ColdFusion MX has built in XML parsing as well as supporting XSL transformations so that data from XML can be simply parsed and the data extracted from it server side. The data in say an HTML form can then be passed to the client, to be used in your web site or web application. As well as web services, java, .NET/COM and CORBA objects are all supported within ColdFusion MX. It is great to see such full and complete support for these technologies; we are all told everyday that XML is the way to go but implementing solutions can be tricky and in the world of short development times often there is not the luxury of the time to implement such things even if it is the ‘way to go’. After all, the user / client only sees a web site at the end of a day and they don’t care how it was produced, so long as it was produced quickly and the performance is good. On this last point, Macromedia has improved things with a system of page compilation and has made some changes to the locking mechanism to increase performance of what is already a high performance solution.
When developing a front end with something like a Flash object on the client talking to a back end server side process, debugging can become a little tricky to say the least! The debugging in ColdFusion MX has been very good for some time, putting many competing products to shame. In this version they have extended the debugging capabilities even further by having an application called NetConnect debugger. This application when run, shows you the data being sent back and forth between the client and the web server. This tool is so useful for picking up on those incorrectly formed queries and the like.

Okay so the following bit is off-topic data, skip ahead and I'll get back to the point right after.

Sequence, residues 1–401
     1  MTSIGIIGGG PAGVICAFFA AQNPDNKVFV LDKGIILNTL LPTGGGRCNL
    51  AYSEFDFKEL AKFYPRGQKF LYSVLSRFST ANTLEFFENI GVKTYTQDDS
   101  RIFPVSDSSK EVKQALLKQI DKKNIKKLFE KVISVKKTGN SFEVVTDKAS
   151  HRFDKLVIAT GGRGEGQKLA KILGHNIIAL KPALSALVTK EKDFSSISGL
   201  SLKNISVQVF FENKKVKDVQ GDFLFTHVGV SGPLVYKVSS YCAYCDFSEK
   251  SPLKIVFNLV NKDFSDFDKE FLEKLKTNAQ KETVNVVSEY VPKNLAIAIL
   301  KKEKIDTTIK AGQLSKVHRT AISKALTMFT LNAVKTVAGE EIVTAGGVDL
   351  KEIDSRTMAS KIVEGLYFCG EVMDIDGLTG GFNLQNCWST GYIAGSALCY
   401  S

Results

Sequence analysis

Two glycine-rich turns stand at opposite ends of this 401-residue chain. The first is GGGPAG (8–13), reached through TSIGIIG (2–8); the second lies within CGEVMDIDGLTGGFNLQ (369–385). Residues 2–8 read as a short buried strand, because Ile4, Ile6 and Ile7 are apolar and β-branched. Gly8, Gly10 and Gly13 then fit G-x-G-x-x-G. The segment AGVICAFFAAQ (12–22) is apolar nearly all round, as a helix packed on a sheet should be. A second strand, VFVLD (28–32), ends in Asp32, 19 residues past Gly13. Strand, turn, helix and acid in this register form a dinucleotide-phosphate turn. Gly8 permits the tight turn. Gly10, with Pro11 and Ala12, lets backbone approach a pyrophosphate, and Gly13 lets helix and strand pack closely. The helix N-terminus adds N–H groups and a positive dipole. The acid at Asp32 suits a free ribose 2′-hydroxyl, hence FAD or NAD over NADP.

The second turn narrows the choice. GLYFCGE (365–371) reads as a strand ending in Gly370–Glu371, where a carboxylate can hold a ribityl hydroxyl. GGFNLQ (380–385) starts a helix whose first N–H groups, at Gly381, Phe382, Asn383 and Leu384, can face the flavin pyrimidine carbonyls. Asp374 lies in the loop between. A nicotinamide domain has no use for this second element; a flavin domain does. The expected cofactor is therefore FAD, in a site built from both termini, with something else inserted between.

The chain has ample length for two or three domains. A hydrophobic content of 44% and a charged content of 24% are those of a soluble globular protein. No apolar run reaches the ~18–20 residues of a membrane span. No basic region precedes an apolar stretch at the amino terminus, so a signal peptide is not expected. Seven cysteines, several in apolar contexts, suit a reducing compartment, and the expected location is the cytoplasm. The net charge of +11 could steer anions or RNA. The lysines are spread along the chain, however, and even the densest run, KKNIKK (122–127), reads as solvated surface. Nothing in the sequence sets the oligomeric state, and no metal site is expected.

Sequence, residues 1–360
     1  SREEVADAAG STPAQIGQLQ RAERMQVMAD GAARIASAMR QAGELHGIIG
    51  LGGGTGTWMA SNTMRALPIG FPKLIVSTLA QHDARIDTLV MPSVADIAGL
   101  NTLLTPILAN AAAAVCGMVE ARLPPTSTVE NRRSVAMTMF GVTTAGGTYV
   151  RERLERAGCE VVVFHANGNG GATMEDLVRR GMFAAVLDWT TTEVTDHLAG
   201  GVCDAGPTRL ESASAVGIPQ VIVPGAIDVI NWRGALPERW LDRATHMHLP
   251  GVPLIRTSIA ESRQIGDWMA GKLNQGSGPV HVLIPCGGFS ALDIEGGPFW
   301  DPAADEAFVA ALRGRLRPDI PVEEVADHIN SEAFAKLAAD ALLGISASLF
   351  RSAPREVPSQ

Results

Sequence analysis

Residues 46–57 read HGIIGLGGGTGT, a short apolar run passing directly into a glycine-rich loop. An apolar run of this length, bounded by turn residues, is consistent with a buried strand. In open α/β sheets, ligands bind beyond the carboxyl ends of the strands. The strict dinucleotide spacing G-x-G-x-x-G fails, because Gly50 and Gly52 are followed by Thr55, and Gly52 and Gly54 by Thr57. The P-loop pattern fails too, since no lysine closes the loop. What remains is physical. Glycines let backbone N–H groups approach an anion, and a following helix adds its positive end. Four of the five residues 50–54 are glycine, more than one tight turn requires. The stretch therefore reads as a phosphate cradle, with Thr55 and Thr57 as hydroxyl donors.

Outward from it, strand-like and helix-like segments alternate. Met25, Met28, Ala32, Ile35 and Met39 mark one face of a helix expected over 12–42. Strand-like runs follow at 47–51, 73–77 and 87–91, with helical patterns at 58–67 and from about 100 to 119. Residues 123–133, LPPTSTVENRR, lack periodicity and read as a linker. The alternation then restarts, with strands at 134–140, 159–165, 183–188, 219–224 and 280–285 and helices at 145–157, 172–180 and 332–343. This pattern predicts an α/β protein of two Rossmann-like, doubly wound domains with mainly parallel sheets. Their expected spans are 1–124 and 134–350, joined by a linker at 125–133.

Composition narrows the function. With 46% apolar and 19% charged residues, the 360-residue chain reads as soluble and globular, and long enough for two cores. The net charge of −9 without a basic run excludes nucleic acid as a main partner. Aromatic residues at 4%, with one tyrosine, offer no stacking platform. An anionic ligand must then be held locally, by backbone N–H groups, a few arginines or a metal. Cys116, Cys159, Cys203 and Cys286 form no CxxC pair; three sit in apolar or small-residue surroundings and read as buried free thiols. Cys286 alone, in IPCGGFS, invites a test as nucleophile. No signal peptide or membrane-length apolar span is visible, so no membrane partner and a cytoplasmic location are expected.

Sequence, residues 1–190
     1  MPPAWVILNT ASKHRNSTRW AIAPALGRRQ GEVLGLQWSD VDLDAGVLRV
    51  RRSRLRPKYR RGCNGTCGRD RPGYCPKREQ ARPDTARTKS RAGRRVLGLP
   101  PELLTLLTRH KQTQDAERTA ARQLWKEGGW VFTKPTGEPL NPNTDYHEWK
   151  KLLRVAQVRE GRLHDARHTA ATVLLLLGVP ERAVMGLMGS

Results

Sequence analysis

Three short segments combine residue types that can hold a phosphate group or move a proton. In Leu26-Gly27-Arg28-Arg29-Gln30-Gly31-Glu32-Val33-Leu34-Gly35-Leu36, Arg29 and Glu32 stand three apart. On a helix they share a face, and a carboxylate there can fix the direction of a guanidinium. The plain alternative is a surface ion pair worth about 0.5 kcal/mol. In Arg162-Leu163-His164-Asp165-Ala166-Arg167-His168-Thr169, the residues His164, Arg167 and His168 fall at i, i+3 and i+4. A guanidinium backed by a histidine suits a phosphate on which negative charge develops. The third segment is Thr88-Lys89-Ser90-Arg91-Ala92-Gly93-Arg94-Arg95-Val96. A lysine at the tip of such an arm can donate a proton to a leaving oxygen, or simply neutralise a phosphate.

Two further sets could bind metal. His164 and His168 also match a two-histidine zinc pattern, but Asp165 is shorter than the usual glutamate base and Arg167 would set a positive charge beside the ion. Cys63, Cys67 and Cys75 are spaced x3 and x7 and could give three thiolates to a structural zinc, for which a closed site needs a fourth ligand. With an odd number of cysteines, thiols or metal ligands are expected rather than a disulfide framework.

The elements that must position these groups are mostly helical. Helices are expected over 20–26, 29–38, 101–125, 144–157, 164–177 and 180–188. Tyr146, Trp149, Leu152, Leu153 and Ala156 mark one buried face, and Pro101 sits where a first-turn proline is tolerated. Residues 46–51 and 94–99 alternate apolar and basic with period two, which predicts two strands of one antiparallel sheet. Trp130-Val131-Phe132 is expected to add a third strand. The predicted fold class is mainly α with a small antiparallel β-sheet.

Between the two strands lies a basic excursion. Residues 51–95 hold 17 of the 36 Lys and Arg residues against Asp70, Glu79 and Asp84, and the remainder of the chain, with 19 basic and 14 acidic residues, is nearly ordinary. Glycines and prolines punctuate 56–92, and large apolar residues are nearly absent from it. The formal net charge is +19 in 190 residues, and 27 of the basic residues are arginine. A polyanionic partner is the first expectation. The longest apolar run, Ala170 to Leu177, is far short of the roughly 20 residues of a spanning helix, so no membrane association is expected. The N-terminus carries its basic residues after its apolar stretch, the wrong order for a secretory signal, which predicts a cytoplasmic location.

Macromedia see the way forward to building web applications (rather than web sites which may contain many such web applications) is to use Flash MX as the User Interface builder and implementer, with this talking to data and business processes held server-side and provided by ColdFusion MX or other web services. These conversations can be done in a variety of ways including SOAP and HTTP, but an extra interesting one is Macromedia’s own Action Message Format. This is a secure high performance binary transfer between Flash MX and ColdFusion MX via HTTP. This concept of building web applications has phenomenal possibilities. Macromedia have not forgotten traditional web sites and Dreamweaver MX now includes Ultradev to provide a powerful tool to build these as well as supporting Flash applications and web services. This is all exciting stuff, and it has at long last given us what has been promised for some time; a new way to build web applications.
To help with the development of multi lingual web sites ColdFusion MX now has support for UNICODE, this gives access to the extended character set required to fully support languages other than English. This support does not extend to the languages that are written right to left yet.
Within ColdFusion MX you can now create Components, which are reusable code that can be called from other code. This helps reduce development times and simplifies debugging. There is now a ColdFusion section on the excellent Macromedia Extensions site where you can download extra functionality for ColdFusion MX written by either Macromedia or the developer community.